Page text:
The SME Assembly is over for another year and the 2017 edition, hosted by Estonia, was another exciting chapter in the European SME story. Over 600 delegates attended and speakers from a wide variety of disciplines including, cybersecurity, entrepreneurship, digitalisation, e-commerce, public procurement and many more were all present in Estonia to share their knowledge and exchange with the European SME community.
Enjoy reading about everything that happened in Tallinn and be on the lookout for some exciting content and exclusive interviews coming your way very soon!
CoCreativeFlow.com, Sabine Soeder and Johanna Ballmann
The 2017 SME Assembly has come and gone, but it certainly has not left us indifferent. It has been clear from this year’s edition that the focus has been much more on action and on the implementation of the SME-related policies developed in previous years. But what results are these policies producing? Here are some of the main conclusions from the event:
- Let’s aim to solve problems rather than buy products in public procurement: different stakeholders worked together to generate innovative ideas responding to a real-life policy challenges at the Policy Hack It is a common practice in the EU that governments tend to buy highly specified products rather than solutions to their problems. This needs to change towards more participatory, solution-oriented approach, adding a new perspective to the public procurement process.
- Public procurement is a key opportunity for SMEs: EUR 2 trillion is spent annually in the EU on public procurement. The EU Public Procurement Package of Measures is a step in the right direction, however, more work needs to be done in certain sectors to improve access to information, guarantee more transparency and use better fitting selection criteria.
- A positive outlook for European SMEs in most countries: both the number of SMEs and their added value above the 2008 levels (pre-crisis) levels, though there is a clear north-south division with southern countries still struggling. Steady growth is expected for 2017 and 2018 according to the SME Performance Review 2016/2017, where a focus on self-employment will become ever-increasingly important.
- Some tangible results of EC actions, but still a way to go: the Small Business Act has already generated tangible results. However, more has to be done in crucial areas for the future of SMEs, such as innovation.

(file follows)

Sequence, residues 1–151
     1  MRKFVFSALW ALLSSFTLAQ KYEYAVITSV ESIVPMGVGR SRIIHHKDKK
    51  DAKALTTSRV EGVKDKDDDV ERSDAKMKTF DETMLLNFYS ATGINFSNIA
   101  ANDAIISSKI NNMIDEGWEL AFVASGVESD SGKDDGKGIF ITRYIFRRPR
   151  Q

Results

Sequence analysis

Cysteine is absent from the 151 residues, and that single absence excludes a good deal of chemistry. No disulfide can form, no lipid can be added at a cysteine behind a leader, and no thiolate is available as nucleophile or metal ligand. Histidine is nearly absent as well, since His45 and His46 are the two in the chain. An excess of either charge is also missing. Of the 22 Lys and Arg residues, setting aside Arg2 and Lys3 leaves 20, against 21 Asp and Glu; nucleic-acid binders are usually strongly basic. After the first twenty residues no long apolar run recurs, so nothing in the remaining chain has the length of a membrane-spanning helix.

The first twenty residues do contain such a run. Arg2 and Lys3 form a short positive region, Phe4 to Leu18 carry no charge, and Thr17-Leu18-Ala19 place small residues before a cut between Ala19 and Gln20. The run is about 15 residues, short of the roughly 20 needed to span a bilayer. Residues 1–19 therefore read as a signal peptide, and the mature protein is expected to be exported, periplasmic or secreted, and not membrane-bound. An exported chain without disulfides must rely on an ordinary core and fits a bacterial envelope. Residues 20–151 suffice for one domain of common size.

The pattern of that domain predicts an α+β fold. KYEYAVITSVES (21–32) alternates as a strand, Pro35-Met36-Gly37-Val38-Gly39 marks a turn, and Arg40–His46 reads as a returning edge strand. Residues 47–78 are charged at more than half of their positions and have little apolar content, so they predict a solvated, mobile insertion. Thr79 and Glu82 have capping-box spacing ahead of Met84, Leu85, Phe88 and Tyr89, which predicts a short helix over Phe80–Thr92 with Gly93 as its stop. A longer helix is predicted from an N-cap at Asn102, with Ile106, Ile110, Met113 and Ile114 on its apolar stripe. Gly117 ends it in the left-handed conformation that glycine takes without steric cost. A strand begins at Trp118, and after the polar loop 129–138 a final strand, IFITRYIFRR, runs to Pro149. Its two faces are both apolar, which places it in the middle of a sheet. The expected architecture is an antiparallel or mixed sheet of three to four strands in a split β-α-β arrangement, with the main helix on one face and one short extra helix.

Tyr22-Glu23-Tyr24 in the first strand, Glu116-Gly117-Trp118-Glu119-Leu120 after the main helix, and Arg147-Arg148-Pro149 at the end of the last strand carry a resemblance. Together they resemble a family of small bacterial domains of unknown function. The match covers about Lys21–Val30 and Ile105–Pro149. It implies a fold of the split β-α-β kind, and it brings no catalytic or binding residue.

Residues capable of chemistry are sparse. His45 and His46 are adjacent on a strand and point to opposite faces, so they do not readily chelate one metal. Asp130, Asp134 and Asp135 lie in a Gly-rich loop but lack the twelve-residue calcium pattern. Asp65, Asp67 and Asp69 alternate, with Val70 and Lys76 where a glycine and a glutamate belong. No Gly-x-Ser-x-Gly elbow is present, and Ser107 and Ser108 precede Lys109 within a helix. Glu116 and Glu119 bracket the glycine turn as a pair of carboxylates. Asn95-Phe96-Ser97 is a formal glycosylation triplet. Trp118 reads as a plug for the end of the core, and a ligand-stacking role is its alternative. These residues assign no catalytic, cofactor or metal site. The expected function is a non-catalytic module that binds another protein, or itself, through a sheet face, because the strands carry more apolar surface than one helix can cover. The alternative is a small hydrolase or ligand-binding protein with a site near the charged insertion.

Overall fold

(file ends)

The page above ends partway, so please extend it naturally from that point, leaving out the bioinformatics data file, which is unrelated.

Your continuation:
- Greater visibility of European investment opportunities: the EC is carrying out a number of actions to increase the visibility of investment projects with a focus on SMEs. Examples include the European Investment Project Portal (EIPP) and the European Investment Fund. However, whether these initiatives will meet the real finance needs of European SMEs still remains to be seen. Decreasing a minimal ticket to 1 mln EUR is a move in the right direction, however, understanding how venture funds approach deals would be welcomed.
- Access to finance is still one of the highlighted issues for SMEs in Europe: a fragmented legal and tax system in Europe are the main barriers to access finance. The development of regional co-investment funds, harmonisation of the regional cooperative framework and mutual recognition of existing fiscal incentives for business angels are some of the potential solutions to overcome these barriers.
- Preparation for the future: SMEs have to prepare themselves for the market conditions of the future. 21st century enterprises should be experience-focused, outcome-based, agile & lean, service-oriented and ecosystem-driven.
- Evidence of successful on the ground initiatives: such as the eResidency Programme in Estonia allowed entrepreneurs outside of the EU to start a business no matter where they reside.
The event may be over, but the online discussion continues here.
Written by Jon Switters and Katarzyna Jakimowicz
The Schumpeter Innovation in Enterprise lecture is one of the highlights of the SME Assembly and is given by a different guest lecturer each year. This year Professor Jan Fagerberg, from the University of Oslo gave a lecture on the current status of European innovation and how this is closely related to the issues of economic transformation and climate change.
According to Professor Fagerberg, Europe is stuck in a partially self-inflicted stagnation and needs to transform accordingly. The European stagnation can be explained by globalisation, and the differing responses of European states, leading to a lack of homogeneity. The Euro in particular, meant that there was no specific need for policy coordination, which led to increased unemployment and different austerity policies. These outcomes mean that something must change, in order to rise out of stagnation, the economy must radically transform.
The need to transform the economy is particularly linked to climate change. European emissions are still at high levels, and must decline much faster than their current rates. This is where the link to renewable technology becomes relevant, both environmentally and economically speaking. Not only is it the answer to cutting down on emissions but due to: rapidly declining costs, unlimited availability, broad applicability and pervasive effects, it could arguably transform the current economy into a more sustainable model.
As both challenges are heavily influenced by each other, they require a coordinated policy response which should specifically have innovation policy at its heart. This entails innovation policy working across fields to promote, explore and provide opportunities in fields related to renewables. Through ICT and renewable technology there is a chance to not only transform the economy, but do so without causing further harm to the climate and possibly even remedy the current effects.
For photos from the lecture, please see the Flickr album.
For more information on his work and publications, please visit his website.